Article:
And ISIS itself? Well, as resistance to Assad in Syria turned into an all-out civil war, the United States and American proxies like the Saudis (you know, that country whose Wahhabi oil aristocracy included Osama Bin Laden) armed anti-Assad rebels — some of which went on to become ISIS, a Sunni fundamentalist group so extreme even al Qaeda disavowed them.
So yeah, Tony. You, Bush and Obama — and all the other swine who’ve used the world as their chessboard for the past century — did cause this. All this bloodshed is yours. You own it.
Kevin Carson is a senior fellow of the Center for a Stateless Society (c4ss.org) and holds the Center’s Karl Hess Chair in Social Theory.
More articles by:

Kevin Carson is a senior fellow of the Center for a Stateless Society (c4ss.org) and holds the Center’s Karl Hess Chair in Social Theory. He is a mutualist and individualist anarchist whose written work includes Studies in Mutualist Political Economy, Organization Theory: A Libertarian Perspective, and The Homebrew Industrial Revolution: A Low-Overhead Manifesto, all of which are freely available online. 

bernie-the-sandernistas-cover-344x550
January 22, 2020
Melvin Goodman
The Media and the Military Mindset
John Davis
The Real Megxit Deal
John O'Kane
The Obama Legacy: Reform Versus Revolution
Kenneth Surin
The “Evolving” Scotty Morrison From Marketing
Martin Billheimer
“The Cops & the Klan Go Hand in Hand!”
Thomas Knapp
Executive Power: Alan Dershowitz’s Imagination Versus the Constitution
Jacob G. Hornberger
Egypt and the Destruction of Civil Liberties in America
Justin Podur
The People of Colombia are Cracking the Walls of War and Authoritarianism
Kelsey Hawkins-Johnson
Our Final Decade to Get Climate Policy Right
Jonah Raskin
Terence Hallinan: Fighter for the People and for the Legalization of Marijuana 
Colin Todhunter
Challenging the Flawed Premise Behind Pushing GMOs into Indian Agriculture
January 21, 2020
Sheldon Richman
Warmonger Cotton Accuses Antiwar Think Tank of Anti-Semitism
John Feffer
Trump Makes Space Great Again
Patrick Cockburn
The US and Iran’s Perpetual Almost-War is Unsustainable – and Will End Badly
James C. Nelson
Another Date That Will Live in Infamy: 10 Years After Citizens United
Robert Fisk
Iran Will be Changed Forever by Admitting Its Great Mistake, Unlike the West Which Ignores Its Own Misdeeds
Dean Baker
Did Shareholders’ Benefit by Paying Boeing’s Fired CEO $62 Million?
Susan Roberts
The Demise of the Labour Party and the Future For UK Socialism
Binoy Kampmark
Janus-Faced on Climate Change: Microsoft’s Carbon Vision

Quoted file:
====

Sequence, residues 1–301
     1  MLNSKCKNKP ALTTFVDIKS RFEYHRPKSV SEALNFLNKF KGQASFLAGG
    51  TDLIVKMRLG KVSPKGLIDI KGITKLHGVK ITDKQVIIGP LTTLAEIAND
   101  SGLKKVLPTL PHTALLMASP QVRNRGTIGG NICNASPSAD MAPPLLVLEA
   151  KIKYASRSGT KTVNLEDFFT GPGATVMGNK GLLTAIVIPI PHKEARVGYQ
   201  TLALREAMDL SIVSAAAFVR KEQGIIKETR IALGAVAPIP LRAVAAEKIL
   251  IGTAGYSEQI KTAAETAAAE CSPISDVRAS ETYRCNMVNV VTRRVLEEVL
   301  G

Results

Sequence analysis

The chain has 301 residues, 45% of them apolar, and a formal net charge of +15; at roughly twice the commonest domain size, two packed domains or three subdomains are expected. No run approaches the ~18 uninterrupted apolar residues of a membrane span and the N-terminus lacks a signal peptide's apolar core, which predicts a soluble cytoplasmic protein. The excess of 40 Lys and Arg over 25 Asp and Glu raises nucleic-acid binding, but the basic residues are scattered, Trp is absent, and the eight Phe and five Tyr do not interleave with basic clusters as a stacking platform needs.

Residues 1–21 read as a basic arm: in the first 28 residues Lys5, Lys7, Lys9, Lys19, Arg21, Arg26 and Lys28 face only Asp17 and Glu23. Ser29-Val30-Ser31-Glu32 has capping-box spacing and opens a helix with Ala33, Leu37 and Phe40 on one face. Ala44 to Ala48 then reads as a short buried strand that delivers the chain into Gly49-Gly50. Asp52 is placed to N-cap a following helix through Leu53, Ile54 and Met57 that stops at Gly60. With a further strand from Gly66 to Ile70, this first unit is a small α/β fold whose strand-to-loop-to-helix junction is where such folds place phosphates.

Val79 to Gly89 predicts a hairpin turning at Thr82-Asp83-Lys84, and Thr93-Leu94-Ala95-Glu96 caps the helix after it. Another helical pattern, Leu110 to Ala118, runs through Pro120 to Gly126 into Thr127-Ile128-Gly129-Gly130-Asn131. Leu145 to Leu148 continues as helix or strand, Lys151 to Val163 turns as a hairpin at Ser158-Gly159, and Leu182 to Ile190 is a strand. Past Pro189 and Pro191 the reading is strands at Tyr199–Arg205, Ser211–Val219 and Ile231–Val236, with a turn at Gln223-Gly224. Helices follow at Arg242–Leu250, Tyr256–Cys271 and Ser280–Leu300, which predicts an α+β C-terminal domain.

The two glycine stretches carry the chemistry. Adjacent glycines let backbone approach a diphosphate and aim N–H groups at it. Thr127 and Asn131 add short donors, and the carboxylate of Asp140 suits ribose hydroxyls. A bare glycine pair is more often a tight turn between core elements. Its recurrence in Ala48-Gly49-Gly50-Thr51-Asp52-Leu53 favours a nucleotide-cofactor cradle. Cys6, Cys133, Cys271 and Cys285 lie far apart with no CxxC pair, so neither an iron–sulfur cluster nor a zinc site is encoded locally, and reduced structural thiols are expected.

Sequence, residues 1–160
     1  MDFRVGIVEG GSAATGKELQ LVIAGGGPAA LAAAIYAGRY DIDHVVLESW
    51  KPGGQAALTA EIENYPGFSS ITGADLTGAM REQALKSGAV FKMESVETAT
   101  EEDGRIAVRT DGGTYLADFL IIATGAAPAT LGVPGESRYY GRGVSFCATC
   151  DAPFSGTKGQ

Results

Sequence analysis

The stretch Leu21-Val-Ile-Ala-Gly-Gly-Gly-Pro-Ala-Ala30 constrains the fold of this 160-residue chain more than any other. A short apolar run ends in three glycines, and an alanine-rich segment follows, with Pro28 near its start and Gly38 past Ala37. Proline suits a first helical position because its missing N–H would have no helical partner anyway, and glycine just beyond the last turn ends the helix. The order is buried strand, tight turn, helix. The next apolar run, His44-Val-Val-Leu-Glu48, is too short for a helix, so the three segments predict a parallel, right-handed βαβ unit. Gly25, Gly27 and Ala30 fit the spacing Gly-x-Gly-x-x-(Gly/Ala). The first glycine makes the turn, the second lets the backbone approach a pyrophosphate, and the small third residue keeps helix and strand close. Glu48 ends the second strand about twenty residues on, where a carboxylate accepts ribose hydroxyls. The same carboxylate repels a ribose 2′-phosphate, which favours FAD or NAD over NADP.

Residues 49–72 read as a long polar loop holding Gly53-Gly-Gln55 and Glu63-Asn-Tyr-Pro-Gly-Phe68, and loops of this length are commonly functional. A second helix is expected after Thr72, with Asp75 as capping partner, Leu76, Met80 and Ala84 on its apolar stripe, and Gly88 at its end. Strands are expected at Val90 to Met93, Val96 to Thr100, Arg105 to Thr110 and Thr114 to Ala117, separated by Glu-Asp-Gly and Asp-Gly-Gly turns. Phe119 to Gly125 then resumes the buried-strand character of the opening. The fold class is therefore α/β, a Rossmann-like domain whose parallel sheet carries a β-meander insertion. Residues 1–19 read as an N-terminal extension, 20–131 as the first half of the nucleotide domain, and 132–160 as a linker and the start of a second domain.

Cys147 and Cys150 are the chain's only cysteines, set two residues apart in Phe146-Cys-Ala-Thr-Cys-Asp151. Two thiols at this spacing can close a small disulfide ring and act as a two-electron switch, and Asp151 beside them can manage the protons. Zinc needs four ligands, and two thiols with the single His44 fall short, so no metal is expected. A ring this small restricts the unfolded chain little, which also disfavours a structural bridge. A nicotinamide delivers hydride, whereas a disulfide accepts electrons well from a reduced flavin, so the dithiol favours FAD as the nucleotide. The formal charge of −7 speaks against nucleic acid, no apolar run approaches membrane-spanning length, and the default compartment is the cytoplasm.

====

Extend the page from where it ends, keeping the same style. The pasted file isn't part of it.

David Levin
The Teamster Revolt Against the Hoffa Era
Victor Grossman
Defender and Spearheads
Russell Mokhiber
BS Public Editor and the Disease of Contempt
Tiffany Muller
Get the Money Out of Politics: 10 Years After Citizens United
Laura Flanders
Iowa is Not the Twitterverse
Graham Peebles
Education: Expanding Purpose
Elliot Sperber
Handball in Brooklyn 
January 20, 2020
Paul Street
Trump Showed Us Who He Was Before He Became President
Eric Mann
Martin Luther King and the Black Revolutionary Tradition
Ipek S. Burnett
MLK and the Ghost of an Untrue Dream
Mark Harris
Better Living Through Glyphosate? Spray Now, Ask Questions Later
Katie Fite
Owyhee Initiative Wilderness and Public Lands Deal Critique: Ten Years After
Thomas Knapp
A Loophole for the Lawless: “Qualified Immunity” Must Go
REZA FIYOUZAT
Best Enemies Forever: The Iran-U.S. Kabuki Show
Jeff Mackler
Worldwide Furor Sparked by U.S. Assassination of Iran’s General Suleimani
William deBuys
The Humanitarian and Environmental Disaster of Trump’s Border Wall
Binoy Kampmark
A Matter of Quality: Air Pollution, Tennis and Sporting Officialdom
James Haught
GOP Albatross
Jill Richardson
Why Do We Have School Lunch Debt at All?
Robert Koehler
Nuclear Hubris
Patrick T. Hiller
Instead of Real-Time Commentary, Eight Common-Sense Reason for Not Going to War with Iran
Charles Andrews
A Note on Carlos Ghosn and Global Capitalism
Jeffrey St. Clair
Some Trees: Los Angeles
Weekend Edition
January 17, 2020
Friday - Sunday
Jeffrey St. Clair
Roaming Charges: No Woman, No Cry
Kathleen Wallace
Hijacking the Struggles of Others, Elizabeth Warren Style
Robert Hunziker
The Rumbling Methane Enigma
FacebookTwitterRedditEmail